Wed, 09 Jul 2003

Chef serves up 60 varieties of dim sum

Maria Endah Hulupi, The Jakarta Post, Jakarta

Created over a millennium ago, delicious Chinese treats dim sum remain a popular feast around the world, and please the eyes and palate of modern food-lovers.

The food, literally meaning a touch of heart, was initially created by a court chef to please a Sung emperor with a unique, yet special dish, created to touch his heart. He invented dim sum, consisting of a wide range of beautiful-looking dishes, each with a delectable flavor.

Some types of dim sum, like savory buns and dumplings, were specially hand shaped to create a variety of interesting shapes to please the emperor's eye.

In the course of time, dim sum was also commonly served at tea houses to accompany yam cha (the tea drinking experience) between main meals.

The deliciousness of this attractive dish spread very fast to neighboring areas and its popularity soon grew, even among commoners. It did not take long for people from other regions in China to prepare the dish, and each region's had its own distinctive character.

"In northern China, where the climate is colder, people developed unique types of dim sum using exotic meats like snake and rabbit, which have a warming effect on the body, while in southern China, people used mainly seafood items to create the dish," said Kelvin Chow, manager at Samudra Shark's Fin restaurant, Hotel Mulia, Central Jakarta.

But such a distinction has become blurred, as a wide variety of ingredients is available everywhere.

The spread of Chinese immigrants to various parts of the globe also helped spread the popularity of dim sum to the part of the world they lived in.

While maintaining the true flavors of some classic dim sum, like char siu bao (bun filled with barbecued pork), lo ma kai (stuffed rice wrapped in lotus leaves), steamed chicken feet, steamed spare ribs, wonton and egg custard tart, restaurant chef Desmond Lam said that Chinese chefs around the world have for centuries invented their own dim sum varieties using ingredients readily available in their respective countries.

For the restaurant's dim sum a la carte breakfast, available every Sunday and holidays from 8 a.m. to 3 p.m., chef Lam creates around 60 types of a la carte dim sum and introduces new types every week.

Even though most restaurants try to serve up authentic Chinese flavors, in some countries the flavor can be adjusted through the use of condiments popular among locals.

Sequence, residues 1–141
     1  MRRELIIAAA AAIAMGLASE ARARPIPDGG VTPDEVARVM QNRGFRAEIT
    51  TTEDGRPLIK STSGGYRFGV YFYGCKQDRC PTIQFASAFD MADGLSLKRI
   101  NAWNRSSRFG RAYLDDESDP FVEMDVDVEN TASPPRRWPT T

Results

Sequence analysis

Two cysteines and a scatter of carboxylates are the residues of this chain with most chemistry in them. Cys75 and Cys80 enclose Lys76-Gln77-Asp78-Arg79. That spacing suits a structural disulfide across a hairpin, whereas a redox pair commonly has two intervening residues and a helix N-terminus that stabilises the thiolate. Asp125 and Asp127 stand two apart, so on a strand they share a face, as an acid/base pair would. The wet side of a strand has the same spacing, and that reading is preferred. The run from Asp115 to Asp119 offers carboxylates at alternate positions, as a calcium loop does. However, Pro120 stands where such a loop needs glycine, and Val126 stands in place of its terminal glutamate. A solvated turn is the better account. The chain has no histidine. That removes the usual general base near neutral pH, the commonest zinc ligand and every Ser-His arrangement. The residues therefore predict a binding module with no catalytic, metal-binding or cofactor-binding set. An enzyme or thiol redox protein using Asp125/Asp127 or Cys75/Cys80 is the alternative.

"Chili sauce is a common condiment for siu may and other types of dim sum in Indonesia but not in China," said Kelvin.

In Jakarta, dim sum is served in many Chinese restaurants and its locally most popular version siu may is even sold in push carts by roadside vendors, found on every corner of the capital.

In the modern era, the dish is considered a snack, an appetizer or light dish, and it is served at breakfast, lunch or coffee time. "Quite a few Indonesians want to eat dim sum for dinner simply because they want to have a light dish to end the day with," Kelvin said.

In terms of variety, the versatile dish comes in many forms, either hot or cold, sweet or savory, and each is individually prepared using different cooking methods, like steaming, stir frying, deep frying, or boiling. All are freshly carried to customers in a special cart, pushed by a dim sum server.

"The soup-like version can be served to precede the other savory types, while sweet dim sum, like egg custard tart, can be and are usually eaten to wrap up the meal," said Kelvin.

At least five different types of elegantly shaped dim sum are served at a single meal, with hot dim sum served piping hot in bamboo baskets, straight from the steamer, but for other, more special occasions, more extensive types are prepared.

Chinese communities traditionally serve dim sum with Chinese tea, as they believe that the tea helps neutralize the grease or fat content in dim sum.

By the end of the meal, people will have satisfied their hunger for various palatable treats, without feeling too full.